Sustainable, healthy and warm: how can social housing help deliver the homes that people deserve? Report of Joseph Rowntree Foundation and Sustainable Homes roundtable 12 March 2015.
The Joseph Rowntree Foundation and Sustainable Homes hosted a roundtable on 12 March with some of the social housing sector’s leading professionals on how social housing can help deliver warm, sustainable and affordable homes. This is part two of two, in the series looking at the topics raised in the discussion.
Understanding the relative quality of housing stock relies on SAP ratings. However, since SAP scores are developed using different reporting methods, this data is often not directly comparable. Developing a new metric, or ‘common language’, was suggested in order to allow for more accurate comparisons between stocks.
The topic of innovation was also discussed. Often, innovation is seen as a dirty word in the social housing sector, and those trying new things can risk damage to their reputation as well as finances if things go wrong. There tends to be aversion to technological innovation in the sector as there is a recognition that any technology used in homes needs to be maintained, so increasing running costs, and residents may not always be familiar with how to operate complex systems. Modern methods of construction are becoming more common and could potentially help, but are still not widely used.
As there is no clear specification for what house builders should be aiming to achieve, it is sometimes hard to make the business case for sustainability. It also creates ambiguity and a lack of uniformity in approaches across the private and social stock. Further to this, there is little in the way of pre-made solutions, or examples of the best way to achieve sustainable homes. This means individual housing associations or developers are trying to find solutions independently of each other. Seeing great exemplar schemes can, however, help convince boards of the need to act.
There was a clear call from those attending for greater collaboration throughout the sector, both within social housing and with the private sector. This would allow for better sharing of experiences and solutions, as well as spreading the risk of innovation. LEPS could be a useful channel for supporting collaboration. In addition, a clear set of specifications should be developed for achieving sustainable solutions in both new build and retrofit for what is expected in 5 years time, to give housing associations and contractors solutions that can be tried and tested, shared and replicated.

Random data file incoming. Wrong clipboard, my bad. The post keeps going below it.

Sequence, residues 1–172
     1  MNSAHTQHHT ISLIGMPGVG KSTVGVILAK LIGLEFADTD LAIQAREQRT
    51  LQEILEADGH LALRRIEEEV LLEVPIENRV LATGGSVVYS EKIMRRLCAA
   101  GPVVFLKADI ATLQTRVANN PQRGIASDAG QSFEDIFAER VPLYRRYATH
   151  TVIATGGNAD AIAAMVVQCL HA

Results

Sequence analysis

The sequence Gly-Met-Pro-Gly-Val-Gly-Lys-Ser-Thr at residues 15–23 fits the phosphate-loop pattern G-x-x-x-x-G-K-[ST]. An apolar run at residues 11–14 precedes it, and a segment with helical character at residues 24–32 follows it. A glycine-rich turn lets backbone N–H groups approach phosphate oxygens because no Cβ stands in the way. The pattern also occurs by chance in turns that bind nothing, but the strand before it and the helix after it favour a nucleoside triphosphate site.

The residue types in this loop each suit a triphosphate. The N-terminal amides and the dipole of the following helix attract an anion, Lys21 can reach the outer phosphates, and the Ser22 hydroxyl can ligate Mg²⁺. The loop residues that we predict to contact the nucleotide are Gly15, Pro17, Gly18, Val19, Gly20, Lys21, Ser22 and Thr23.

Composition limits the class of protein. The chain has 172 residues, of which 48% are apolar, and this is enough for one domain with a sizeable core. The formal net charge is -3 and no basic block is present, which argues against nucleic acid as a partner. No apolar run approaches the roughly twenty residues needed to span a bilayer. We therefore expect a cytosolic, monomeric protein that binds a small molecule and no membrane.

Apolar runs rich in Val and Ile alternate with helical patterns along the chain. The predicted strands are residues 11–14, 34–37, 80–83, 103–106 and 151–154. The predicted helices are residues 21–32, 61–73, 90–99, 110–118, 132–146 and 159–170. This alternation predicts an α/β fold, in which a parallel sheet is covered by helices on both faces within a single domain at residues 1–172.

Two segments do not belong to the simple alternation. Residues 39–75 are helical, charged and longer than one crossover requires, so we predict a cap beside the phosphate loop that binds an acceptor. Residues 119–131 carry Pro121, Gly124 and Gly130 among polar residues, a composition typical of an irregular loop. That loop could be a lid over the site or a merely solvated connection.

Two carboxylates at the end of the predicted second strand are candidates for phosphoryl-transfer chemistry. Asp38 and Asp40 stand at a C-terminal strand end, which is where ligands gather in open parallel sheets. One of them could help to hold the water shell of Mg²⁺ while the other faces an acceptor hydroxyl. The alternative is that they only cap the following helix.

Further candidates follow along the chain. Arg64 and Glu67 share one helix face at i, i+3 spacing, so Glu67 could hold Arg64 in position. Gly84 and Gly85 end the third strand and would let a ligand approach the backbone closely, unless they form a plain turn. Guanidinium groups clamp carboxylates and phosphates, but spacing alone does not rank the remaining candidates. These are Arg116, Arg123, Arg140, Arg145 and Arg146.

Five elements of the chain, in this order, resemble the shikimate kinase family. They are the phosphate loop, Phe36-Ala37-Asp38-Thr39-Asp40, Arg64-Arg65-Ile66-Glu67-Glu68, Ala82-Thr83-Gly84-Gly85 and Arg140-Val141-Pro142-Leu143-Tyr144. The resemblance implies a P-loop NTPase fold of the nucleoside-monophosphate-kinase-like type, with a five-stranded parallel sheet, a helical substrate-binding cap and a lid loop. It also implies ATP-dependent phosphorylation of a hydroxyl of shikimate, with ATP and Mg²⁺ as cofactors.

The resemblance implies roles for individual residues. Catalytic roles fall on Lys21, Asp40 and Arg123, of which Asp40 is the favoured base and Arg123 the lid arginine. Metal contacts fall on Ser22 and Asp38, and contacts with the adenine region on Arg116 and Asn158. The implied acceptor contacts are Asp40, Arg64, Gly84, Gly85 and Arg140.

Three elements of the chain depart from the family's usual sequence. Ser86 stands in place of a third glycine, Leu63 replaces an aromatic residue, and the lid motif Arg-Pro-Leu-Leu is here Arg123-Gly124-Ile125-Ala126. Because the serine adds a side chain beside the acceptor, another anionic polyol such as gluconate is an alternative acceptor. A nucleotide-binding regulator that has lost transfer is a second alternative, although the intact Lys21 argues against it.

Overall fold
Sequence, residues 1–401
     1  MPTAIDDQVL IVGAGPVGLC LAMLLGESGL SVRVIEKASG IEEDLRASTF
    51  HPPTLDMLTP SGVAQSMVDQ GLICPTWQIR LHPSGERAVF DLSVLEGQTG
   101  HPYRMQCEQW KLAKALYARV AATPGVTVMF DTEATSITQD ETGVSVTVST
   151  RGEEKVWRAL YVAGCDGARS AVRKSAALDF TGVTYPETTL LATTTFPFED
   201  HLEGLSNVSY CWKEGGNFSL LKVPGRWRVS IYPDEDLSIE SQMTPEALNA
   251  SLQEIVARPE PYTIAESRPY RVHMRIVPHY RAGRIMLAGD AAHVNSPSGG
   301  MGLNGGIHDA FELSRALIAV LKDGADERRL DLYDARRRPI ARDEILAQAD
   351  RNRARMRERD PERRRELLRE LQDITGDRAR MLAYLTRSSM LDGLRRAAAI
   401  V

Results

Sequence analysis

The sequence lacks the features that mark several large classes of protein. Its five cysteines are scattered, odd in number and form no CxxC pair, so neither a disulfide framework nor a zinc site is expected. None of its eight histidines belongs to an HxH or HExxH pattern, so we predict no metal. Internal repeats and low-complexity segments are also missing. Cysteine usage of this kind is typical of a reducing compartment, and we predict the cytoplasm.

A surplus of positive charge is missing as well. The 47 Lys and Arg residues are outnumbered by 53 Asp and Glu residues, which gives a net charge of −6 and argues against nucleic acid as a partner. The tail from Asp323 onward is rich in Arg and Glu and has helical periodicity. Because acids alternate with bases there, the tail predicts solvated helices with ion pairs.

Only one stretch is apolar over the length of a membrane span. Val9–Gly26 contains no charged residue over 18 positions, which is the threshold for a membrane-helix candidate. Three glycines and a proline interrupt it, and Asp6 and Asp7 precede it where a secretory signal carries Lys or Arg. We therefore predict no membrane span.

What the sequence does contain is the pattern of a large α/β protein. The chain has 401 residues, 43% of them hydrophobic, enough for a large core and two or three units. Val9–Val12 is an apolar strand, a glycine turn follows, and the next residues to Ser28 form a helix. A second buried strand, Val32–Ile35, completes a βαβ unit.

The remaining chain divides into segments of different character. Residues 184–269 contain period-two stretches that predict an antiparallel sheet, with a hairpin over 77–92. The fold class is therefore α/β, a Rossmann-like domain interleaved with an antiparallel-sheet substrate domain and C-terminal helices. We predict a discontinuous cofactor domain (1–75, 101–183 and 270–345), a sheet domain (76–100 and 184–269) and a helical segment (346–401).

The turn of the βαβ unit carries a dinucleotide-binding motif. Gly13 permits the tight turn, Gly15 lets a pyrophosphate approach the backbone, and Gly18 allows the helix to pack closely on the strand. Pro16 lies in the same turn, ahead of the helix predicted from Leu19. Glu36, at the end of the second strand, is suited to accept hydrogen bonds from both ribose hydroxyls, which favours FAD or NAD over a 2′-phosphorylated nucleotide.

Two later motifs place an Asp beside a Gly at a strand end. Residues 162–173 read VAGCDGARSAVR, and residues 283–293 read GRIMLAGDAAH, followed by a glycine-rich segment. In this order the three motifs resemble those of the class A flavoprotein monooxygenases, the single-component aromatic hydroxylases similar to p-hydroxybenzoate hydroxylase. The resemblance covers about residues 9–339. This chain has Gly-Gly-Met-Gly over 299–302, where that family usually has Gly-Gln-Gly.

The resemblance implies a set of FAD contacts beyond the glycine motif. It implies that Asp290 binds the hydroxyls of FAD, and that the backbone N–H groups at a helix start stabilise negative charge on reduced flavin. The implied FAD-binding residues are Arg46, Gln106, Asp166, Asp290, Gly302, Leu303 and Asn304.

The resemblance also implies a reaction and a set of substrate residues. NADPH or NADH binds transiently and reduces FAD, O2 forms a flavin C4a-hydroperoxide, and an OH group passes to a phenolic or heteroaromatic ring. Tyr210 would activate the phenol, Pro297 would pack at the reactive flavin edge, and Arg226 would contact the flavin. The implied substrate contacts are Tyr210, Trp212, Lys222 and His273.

So far, participants at the meeting felt that in general we have failed to make the case sufficiently for investing in existing homes, with current programmes and investment focusing largely on new developments. There was a concern too of the need to achieve scaleable retrofit solutions. It was recommended that developers should build new homes to a decent standard, say Code level 4, and then use further investment and allowable solutions to bring the existing housing stock up to standard. However there was also a view that innovation is needed to drive up standards through new build so that the market progresses and the supply chain and skills are developed. Social housing providers can generate scale which is important as a signal to the building industry. There are already some examples emerging suggesting that investments may be helping to reduce rent arrears, particularly where building to Passivehaus standards.
A key concern outlined on the day was the future risks of overheating. This issue is often neglected in national discourse concerning health and housing. It is also of increasing concern as our summers continue to break records and climate change is likely to increase the problem. A national standard to prevent overheating should be developed to help landlords deal with this issue.
There was also a general call for the health and housing sectors to work better together. Funding should be made available to develop housing that better supports the health of residents, which would in turn reduce pressure and costs on the health service. This may be an opportunity going forward as the public health function has moved into local government. Innovative schemes such as the work in Oldham across health and housing providers to tackle cold homes and fuel poverty were important exemplars, with indications that this could reduce A&E admissions. JRF will be investigating progress on public health responses to climate change in further research in 2015.
Read the first part of this blog here